FIG. 2 depicts a block diagram of a power distribution system for a memory module 200 according to one embodiment. One or more memory devices 210-1 through 210-Z are provided as part of the memory module 200, each receiving a first voltage path 208, typically referred to as a Vdd path, that may be energized to appropriate voltage levels depending on the type, functionality, and design of the memory devices, e.g., from about 0.5V to 3.5V or more.

In one embodiment, at least one on-board voltage regulator module (“VRM”) 202 may be provided as part of the memory board assembly module 200 for converting an externally supplied voltage level available on external source path 204 from a power module into appropriate an local voltage level that powers the Vddvoltage path 208. Preferably, a high-frequency switching voltage converter capable of generating tightly-controlled voltage levels may be implemented as the on-board VRM 202. For instance, multi-phase synchronous Pulse-Width Modulated (“PWM”) controllers, Low Drop-Out (“LDO”) controllers, et cetera, that are capable of accepting unregulated supply voltages over a broad range may be configured to operate as a local voltage supply for the memory module 200.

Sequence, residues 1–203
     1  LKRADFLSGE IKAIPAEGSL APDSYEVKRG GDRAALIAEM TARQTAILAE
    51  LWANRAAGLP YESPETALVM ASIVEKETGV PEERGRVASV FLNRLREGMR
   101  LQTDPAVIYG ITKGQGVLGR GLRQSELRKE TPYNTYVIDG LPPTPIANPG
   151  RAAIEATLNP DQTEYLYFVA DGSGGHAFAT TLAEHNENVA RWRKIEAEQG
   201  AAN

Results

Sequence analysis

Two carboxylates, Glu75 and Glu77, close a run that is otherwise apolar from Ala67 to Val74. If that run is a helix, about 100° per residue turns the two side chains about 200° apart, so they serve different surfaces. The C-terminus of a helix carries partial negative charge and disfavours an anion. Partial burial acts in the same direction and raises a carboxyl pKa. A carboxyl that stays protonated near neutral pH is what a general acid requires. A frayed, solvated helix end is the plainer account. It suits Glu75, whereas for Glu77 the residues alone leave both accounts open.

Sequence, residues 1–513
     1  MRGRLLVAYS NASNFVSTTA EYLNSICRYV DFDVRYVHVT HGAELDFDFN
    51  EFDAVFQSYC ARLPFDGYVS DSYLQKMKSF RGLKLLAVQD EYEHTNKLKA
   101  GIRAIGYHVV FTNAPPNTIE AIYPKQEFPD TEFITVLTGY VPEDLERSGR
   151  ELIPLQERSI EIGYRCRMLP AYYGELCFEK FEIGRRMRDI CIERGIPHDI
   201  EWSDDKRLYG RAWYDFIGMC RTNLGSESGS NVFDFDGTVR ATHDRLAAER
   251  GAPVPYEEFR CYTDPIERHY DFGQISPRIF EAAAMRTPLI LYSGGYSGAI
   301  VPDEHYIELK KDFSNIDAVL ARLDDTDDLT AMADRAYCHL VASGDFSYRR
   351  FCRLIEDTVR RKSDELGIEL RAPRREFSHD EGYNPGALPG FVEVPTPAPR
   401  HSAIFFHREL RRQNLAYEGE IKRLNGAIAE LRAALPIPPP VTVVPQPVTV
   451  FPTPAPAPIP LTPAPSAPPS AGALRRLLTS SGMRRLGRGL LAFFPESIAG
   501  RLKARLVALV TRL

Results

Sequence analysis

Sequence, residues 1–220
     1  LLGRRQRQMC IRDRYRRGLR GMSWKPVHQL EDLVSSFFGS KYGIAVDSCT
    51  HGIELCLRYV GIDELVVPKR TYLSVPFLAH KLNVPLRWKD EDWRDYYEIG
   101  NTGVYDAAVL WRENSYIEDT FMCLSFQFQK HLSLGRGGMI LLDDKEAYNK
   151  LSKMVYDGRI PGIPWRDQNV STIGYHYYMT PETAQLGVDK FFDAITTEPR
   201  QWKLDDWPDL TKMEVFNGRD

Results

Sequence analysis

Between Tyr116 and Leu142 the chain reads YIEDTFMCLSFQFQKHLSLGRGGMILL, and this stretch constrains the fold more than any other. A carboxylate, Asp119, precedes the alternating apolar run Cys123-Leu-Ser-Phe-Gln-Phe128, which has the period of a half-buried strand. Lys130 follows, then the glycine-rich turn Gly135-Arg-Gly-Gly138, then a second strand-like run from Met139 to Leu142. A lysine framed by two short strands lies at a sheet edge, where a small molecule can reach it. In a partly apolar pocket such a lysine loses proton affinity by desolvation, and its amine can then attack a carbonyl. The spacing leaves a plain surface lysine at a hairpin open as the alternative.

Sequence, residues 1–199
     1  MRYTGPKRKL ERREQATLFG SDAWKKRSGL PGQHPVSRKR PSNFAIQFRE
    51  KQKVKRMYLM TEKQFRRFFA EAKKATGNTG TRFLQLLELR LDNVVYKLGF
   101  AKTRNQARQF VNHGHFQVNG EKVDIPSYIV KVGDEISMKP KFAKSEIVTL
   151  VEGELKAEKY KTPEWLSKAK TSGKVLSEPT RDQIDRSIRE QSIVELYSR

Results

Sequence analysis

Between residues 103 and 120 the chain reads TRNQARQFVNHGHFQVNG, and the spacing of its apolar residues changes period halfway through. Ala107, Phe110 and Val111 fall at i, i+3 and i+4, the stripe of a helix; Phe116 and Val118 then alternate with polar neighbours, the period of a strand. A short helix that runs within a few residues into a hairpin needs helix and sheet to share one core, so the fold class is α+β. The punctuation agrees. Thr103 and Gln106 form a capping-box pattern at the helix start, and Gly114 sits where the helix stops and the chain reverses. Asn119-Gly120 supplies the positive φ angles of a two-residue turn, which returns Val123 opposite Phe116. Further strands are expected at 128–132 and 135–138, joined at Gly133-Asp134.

Those skilled in the art should recognize upon reference hereto that although providing a tightly-controlled VRM as local voltage supply for on-board power requirements may give rise to a number of advantages in the power supply design of an electronic component such as the memory module 200, some designs may not incorporate any on-board VRMs. It should be apparent, however, that irrespective of how the power supply is designed, the memory module 200 can exhibit highly variable power consumption levels depending on the memory operation activity.